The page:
One of the more persistent phrases one hears in Episcopal Church circles is that the liturgy is “the work of the people” based on a translation of the Greek word Leitourgia. This translation of the word often is then used as a way to say that the liturgy should be more “participatory” or involve more lay people in planning or more responsive to the desires of laity. I would actually agree with all of these though I might quibble with what any of them actually means.
For example, if we say the liturgy should be more “participatory” this is often interpreted as meaning lay people say more or do more. Yet in a culture in which we are constantly pressured to do and say the actually challenging act of participation may be to simply adore – to learn to be present with our hearts opened to God’s.
Yet, my real frustration lies with the fact that this way of understanding the Greek simply is faulty. The word Leitourgia might much more accurately be described as “work for the people.” The word describes building projects critical to a community’s ongoing life. It might refer to a temple or bridge or the like. The work was done by members of the community but might be sponsored by a wealthy patron.
The work for the people was the work that was done in response to a critical need in the life of the community. These works knit communities together and provided something crucial for them to grow and flourish. It was not about shared ownership but about shared benefit. All liturgy in the Church is a work of shared benefit – but it is not the benefit of grace for which we labor. We labor because it glorifies God. That glorification of God is a work of the people not in that it is a shared production but that it is a crucial piece of our shared infrastructure of faith.
Often we’ll see a parish decide that they will give lay people an “expanded” role in the liturgy. Perhaps they’ll read the Gospel or perhaps they’ll say the Words of Institution with the priest. Sadly, this does little to actually make it the work of the people – it simply confuses the roles of lay and ordained and blurs the very distinct ministries with which we are all charged. The work of all Christians is the listen and obey God.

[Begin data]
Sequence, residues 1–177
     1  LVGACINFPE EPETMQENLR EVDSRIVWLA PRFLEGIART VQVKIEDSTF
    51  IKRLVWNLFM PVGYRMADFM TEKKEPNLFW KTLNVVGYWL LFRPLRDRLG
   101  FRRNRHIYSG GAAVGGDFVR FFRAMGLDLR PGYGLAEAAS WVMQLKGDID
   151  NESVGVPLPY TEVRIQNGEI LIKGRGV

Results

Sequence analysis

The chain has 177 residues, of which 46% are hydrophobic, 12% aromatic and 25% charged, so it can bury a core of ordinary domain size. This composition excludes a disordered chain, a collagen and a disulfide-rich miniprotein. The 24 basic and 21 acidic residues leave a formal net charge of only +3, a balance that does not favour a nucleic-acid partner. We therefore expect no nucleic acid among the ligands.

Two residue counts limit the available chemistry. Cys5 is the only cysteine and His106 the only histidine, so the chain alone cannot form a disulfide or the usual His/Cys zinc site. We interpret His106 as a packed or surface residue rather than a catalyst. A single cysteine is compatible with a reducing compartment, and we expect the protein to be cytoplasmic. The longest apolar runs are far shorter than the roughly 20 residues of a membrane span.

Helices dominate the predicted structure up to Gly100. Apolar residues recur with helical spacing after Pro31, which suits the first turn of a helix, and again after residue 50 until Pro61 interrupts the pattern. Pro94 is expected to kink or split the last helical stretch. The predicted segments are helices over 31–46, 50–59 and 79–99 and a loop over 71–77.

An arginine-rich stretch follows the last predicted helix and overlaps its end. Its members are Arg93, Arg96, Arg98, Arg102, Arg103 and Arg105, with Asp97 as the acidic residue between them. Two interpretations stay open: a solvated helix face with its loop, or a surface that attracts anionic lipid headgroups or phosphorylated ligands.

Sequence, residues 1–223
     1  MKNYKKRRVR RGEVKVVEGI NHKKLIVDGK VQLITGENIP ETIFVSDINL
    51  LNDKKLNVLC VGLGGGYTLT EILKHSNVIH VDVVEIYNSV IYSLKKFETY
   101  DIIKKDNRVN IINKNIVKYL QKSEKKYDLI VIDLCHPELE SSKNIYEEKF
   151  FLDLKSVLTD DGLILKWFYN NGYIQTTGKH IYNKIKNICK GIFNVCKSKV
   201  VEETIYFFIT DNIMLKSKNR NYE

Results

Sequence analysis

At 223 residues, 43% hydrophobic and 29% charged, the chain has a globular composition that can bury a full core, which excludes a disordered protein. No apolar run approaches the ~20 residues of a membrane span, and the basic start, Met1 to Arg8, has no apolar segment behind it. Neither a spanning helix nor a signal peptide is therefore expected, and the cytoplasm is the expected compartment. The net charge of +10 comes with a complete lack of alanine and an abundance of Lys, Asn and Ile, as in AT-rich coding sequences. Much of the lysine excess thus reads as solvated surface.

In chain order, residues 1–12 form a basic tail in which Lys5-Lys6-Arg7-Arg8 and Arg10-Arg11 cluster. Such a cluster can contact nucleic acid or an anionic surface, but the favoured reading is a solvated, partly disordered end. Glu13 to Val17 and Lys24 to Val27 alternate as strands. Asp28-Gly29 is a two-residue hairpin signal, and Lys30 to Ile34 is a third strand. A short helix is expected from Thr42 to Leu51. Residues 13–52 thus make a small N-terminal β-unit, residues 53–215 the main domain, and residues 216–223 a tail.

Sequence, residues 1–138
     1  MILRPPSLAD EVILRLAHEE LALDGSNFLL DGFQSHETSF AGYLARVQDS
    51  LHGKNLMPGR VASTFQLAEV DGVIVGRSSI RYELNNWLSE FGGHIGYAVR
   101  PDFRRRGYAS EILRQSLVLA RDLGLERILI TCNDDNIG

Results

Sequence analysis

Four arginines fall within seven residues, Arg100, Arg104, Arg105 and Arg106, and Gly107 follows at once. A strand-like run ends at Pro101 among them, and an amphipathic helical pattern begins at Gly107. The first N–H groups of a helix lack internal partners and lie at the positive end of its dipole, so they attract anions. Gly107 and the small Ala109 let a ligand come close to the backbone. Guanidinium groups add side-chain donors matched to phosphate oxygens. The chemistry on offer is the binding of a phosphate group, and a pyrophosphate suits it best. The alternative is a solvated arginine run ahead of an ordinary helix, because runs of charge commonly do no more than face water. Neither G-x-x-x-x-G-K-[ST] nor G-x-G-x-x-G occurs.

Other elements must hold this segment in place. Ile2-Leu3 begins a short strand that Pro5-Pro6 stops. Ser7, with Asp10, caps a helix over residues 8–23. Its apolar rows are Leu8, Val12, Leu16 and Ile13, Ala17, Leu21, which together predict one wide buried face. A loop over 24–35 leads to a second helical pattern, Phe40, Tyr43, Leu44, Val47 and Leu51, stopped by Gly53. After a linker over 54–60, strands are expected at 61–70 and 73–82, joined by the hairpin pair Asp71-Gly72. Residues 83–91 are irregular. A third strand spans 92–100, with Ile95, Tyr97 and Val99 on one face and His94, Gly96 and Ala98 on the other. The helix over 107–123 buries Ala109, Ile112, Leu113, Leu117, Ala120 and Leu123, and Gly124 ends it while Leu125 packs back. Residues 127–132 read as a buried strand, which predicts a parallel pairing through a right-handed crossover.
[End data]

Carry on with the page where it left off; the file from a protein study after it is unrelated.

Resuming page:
The work of the priest is to hear the voice of God and to be faithful in administering the Sacraments. The work of the deacon is to hear the voice of God and to be a living bridge between Gospel proclamation in the liturgy and Gospel proclamation in the world. The work of a lay person is to hear the voice of God and to offer their whole heart and mind and body in worship and adoration – within the liturgy and in their daily lives. The liturgy is a place of consummate cooperation not because we all must grab our part but because we all are charged with reverent presence and adoration as its patterns of grace shape and mold us.
It is the infrastructure – the critical place of encounter with one another and with God – that allows us to claim to be a community of faith.
This is not, please be clear, an admonition that lay people should do less in liturgical worship. I am a huge proponent of lay sub-deacons at the Altar, of full processions, and of rich liturgical expressions that require many hands. It is, however, a reflection that we in the Church too often define “work” by how much it reflects busyness. When we say “work of the people” it implies not only entitlement but also degrades, in its own way, the role of the person who simply needs to dwell in the beauty of holiness.
I read not long ago a piece decrying the traditional role of the Rector of a parish determining its worship life as “unjust” and “unfair.” Yet, our clergy are raised up by local congregations and called to serve by the lay people of their respective parishes. They are trained so that they might know the mind of the Prayer Book and formed in the movement of the Spirit that has guided the evolution of the Church’s worship for millennia. It is a “work of the people” for them to plan and say the mass with dignity and a sense of holy purpose.
I hope and pray that those charged with being custodians of the Church’s worship will do so in a way that honors the gifts and talents of their congregations. It is even more critical, however, that we do so in a way that leaves them formed in the ordered patterns of centuries rather than simply given one more place to be busy for the sake of not wanting to leave anyone out.